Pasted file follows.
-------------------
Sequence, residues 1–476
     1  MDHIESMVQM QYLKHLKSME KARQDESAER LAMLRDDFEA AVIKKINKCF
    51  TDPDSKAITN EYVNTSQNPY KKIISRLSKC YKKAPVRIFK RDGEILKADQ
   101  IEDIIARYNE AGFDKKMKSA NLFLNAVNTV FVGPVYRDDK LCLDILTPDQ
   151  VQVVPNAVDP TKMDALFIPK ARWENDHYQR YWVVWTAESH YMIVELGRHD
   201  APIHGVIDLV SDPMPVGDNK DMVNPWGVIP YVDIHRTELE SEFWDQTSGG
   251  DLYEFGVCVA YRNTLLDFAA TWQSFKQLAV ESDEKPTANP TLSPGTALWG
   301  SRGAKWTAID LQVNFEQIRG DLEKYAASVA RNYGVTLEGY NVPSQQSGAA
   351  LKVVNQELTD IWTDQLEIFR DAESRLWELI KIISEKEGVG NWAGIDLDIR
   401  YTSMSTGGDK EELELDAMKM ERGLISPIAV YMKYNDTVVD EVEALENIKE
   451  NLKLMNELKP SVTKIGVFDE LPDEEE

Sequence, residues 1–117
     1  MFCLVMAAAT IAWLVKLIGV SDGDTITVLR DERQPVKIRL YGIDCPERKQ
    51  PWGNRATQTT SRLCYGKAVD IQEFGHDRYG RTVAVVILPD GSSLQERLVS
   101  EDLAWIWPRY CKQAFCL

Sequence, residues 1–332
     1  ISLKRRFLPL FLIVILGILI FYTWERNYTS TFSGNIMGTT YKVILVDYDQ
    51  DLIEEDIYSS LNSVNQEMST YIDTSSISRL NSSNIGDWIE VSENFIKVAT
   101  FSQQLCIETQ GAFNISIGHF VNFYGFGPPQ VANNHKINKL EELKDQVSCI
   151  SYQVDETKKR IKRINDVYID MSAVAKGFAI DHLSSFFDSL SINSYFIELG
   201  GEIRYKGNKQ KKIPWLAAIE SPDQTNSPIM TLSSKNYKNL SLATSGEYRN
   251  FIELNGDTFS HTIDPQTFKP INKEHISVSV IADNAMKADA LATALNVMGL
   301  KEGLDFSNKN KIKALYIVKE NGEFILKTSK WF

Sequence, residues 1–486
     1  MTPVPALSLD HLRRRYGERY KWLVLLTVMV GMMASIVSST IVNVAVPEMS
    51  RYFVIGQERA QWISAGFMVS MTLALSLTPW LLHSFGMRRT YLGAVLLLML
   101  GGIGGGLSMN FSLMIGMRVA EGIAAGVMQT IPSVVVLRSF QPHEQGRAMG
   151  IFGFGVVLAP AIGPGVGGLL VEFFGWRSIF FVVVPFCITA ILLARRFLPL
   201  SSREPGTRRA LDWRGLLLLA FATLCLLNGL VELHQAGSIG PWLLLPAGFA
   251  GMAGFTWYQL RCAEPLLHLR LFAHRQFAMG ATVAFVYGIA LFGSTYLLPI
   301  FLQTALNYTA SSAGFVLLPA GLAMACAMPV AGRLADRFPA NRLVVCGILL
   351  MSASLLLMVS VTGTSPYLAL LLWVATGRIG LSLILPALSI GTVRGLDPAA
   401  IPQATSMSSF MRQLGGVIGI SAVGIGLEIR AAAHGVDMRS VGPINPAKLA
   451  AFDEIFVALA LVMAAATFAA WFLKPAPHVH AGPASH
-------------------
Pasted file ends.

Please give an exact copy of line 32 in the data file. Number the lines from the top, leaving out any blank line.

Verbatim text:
   351  MSASLLLMVS VTGTSPYLAL LLWVATGRIG LSLILPALSI GTVRGLDPAA